Officials and business representatives from Okinawa yesterday touted the islands’ historical and cultural links with Taiwan, while outlining new construction projects and incentive programs for three special economic zones being established in Japan’s southernmost prefecture.
“Taiwan and Okinawa are Pacific island neighbors bound by their geographic proximity. There have been extensive economic trading and cultural exchanges, along with many friendship and family links between Taiwanese and Okinawans,” Masakimi Kudaka, director of the Taipei office of Okinawa Industry Promotion Public Corp, said at a press event.
Kudaka outlined the many advantages that investments and joint ventures in Okinawa offer, including tax incentives and land subsidies in the special economic zones, which are projected to become leading high-technology and logistics hubs in the future.
Okinawan officials said that an increasing number of Taiwanese are visiting the various islands of Okinawa Prefecture for their fresh seafood, specialty products and ocean leisure parks, while taking in the World Heritage sites of the historic Ryukyu Kingdom, such as Shuri Castle, Katsuren Castle and Shikinaen Garden.
“We had 150,000 Taiwanese tourists last year, and as of September of this year, we already had 200,000 from Taiwan,” Okinawa trade official Satoshi Takeda said.
With government-led projects and infrastructure already in place and ready to take off, Takeda said there are good investment opportunities for Taiwanese companies, especially as some of the designated business sectors complement economic development in Taiwan.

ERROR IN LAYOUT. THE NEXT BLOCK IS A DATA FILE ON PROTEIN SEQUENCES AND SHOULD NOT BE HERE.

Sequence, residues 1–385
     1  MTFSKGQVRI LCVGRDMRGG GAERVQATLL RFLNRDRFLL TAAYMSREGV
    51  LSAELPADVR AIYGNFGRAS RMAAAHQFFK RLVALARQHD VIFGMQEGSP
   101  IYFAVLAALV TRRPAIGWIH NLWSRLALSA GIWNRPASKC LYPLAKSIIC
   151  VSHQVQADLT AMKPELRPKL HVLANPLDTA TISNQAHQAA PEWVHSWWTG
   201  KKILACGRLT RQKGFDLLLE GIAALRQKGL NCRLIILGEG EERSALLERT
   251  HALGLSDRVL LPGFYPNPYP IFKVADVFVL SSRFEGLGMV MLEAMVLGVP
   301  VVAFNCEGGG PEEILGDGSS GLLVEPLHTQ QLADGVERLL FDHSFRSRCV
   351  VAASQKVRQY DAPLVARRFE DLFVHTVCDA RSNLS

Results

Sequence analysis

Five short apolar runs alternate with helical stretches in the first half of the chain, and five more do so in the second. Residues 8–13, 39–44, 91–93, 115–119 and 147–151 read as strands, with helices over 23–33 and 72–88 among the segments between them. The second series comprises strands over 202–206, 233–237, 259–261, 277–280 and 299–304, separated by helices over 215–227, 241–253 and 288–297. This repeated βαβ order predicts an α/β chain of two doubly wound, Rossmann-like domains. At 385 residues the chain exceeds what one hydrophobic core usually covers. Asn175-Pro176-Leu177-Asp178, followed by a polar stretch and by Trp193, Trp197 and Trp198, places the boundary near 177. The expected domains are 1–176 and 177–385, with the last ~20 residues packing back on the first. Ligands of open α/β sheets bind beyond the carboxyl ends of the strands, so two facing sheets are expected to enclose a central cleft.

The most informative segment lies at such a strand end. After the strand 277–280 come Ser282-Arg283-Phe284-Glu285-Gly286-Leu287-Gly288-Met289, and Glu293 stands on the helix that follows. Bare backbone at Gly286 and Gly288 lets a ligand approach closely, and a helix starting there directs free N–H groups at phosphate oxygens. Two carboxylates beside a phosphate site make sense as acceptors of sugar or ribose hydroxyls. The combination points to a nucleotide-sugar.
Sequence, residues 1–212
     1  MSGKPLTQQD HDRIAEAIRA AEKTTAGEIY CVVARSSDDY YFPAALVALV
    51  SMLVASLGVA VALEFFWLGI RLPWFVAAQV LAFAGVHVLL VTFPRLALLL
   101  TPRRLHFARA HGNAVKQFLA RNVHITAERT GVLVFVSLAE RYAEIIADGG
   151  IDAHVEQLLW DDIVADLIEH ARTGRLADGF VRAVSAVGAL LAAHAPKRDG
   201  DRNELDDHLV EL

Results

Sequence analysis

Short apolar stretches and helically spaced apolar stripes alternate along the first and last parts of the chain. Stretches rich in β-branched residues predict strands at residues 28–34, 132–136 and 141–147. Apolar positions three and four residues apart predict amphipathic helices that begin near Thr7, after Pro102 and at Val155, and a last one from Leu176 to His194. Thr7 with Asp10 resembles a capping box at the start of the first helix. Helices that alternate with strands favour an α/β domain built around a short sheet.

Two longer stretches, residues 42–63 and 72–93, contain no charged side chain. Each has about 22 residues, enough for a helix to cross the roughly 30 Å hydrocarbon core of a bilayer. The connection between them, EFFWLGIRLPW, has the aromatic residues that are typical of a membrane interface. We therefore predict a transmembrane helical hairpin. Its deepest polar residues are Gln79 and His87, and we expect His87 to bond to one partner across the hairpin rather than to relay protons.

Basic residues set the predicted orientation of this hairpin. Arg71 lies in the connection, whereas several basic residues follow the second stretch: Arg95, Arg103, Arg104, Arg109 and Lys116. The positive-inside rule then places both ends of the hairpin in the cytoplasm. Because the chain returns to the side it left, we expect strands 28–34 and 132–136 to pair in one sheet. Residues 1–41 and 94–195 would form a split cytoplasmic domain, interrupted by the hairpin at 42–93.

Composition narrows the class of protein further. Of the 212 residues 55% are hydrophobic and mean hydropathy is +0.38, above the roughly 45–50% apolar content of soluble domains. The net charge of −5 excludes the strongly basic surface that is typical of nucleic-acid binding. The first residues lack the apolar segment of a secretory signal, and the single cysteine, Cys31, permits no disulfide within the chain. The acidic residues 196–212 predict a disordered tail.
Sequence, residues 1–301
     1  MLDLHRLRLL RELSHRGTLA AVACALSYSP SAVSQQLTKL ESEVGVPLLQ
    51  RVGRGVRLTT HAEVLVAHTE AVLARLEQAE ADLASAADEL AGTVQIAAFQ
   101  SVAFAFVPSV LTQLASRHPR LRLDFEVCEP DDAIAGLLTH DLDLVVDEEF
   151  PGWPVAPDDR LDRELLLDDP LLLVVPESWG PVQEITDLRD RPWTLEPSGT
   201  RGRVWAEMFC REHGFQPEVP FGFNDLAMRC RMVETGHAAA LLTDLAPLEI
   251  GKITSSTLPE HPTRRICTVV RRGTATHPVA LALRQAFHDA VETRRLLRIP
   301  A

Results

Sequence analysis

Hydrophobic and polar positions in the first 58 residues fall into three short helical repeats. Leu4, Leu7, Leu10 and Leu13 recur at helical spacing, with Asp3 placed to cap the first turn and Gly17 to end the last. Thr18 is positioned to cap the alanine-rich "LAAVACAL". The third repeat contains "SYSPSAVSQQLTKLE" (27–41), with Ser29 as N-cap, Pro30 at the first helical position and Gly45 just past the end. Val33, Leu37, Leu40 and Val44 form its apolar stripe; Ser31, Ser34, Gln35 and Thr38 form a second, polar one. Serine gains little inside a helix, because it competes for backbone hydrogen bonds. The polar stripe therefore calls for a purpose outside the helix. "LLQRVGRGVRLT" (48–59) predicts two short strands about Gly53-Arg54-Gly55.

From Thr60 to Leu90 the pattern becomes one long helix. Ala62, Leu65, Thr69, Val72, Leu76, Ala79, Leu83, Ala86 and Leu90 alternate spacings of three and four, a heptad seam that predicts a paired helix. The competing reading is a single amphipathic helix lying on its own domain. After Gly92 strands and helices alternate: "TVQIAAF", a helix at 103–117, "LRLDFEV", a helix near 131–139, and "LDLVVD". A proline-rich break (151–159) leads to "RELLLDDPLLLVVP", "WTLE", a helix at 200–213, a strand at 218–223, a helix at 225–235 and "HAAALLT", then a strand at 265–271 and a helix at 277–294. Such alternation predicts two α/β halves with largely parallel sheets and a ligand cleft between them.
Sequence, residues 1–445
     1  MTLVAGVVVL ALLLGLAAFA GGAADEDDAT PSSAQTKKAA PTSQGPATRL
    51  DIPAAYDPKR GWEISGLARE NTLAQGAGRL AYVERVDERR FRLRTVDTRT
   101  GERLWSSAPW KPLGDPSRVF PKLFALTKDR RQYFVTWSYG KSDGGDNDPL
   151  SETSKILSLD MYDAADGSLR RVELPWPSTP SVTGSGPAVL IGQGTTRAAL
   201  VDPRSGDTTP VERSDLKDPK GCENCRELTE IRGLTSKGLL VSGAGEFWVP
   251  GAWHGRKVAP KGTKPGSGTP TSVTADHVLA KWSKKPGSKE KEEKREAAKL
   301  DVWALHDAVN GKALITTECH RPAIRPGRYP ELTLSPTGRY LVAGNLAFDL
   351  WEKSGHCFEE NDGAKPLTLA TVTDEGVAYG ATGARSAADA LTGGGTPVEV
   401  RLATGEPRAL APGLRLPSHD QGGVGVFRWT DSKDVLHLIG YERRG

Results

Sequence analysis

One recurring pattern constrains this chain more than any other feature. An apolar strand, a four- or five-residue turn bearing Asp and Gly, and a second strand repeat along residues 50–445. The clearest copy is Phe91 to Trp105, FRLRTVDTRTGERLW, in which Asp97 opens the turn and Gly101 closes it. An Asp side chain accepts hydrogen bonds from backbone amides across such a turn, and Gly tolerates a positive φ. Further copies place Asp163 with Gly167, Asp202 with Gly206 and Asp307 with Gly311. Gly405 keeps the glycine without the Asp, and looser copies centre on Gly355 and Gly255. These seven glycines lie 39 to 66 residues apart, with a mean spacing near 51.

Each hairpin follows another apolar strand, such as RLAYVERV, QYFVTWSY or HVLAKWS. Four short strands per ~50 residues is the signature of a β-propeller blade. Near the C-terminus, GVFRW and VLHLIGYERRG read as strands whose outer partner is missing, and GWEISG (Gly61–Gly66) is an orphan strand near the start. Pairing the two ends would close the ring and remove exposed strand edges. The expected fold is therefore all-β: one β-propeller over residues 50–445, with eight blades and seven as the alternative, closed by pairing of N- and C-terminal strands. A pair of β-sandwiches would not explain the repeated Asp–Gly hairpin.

The special economic zone on the main Okinawa Island includes an information technology (IT) and telecommunication industry cluster, based mainly in Naha City.
The other two designated projects are an international logistics hub for transshipment of international container cargoes, which will be based in Uruma City and Naha Port, and a financial services center that will be based in Nago City.
For the IT and telecom hub in Okinawa, officials said a number of leading Japanese and international firms have already established operations there, including IBM, Oracle, NTT, Cisco, NEC, Hitachi, Softbank of Japan, Orix, AIG, Nomura Holdings, Ando Securities and Citibank.
The hub’s cloud computing center also began construction this year, Kudaka said.
Okinawa will become an important networking bridge linking Japan’s IT and telecom industries with their Asian counterparts, he said.
The IT and telecom hub will also house companies specializing in software programming, media services, television and broadcasting, film and video production, network database services, mobile applications and Internet-derived services, he added.
Okinawa will seek to attract IT talent across Asia to turn it into a leading testing platform for the next wave of mobile applications, multimedia services and gaming entertainment programming, the officials said.
Local officials and executives at the event expressed an interest in investing in Okinawa, saying it has both the public and private sectors working together to realize these goals.
They said Taiwan can learn from Okinawa’s example and cooperate on investing in the IT and telecom hub and the international logistics hub.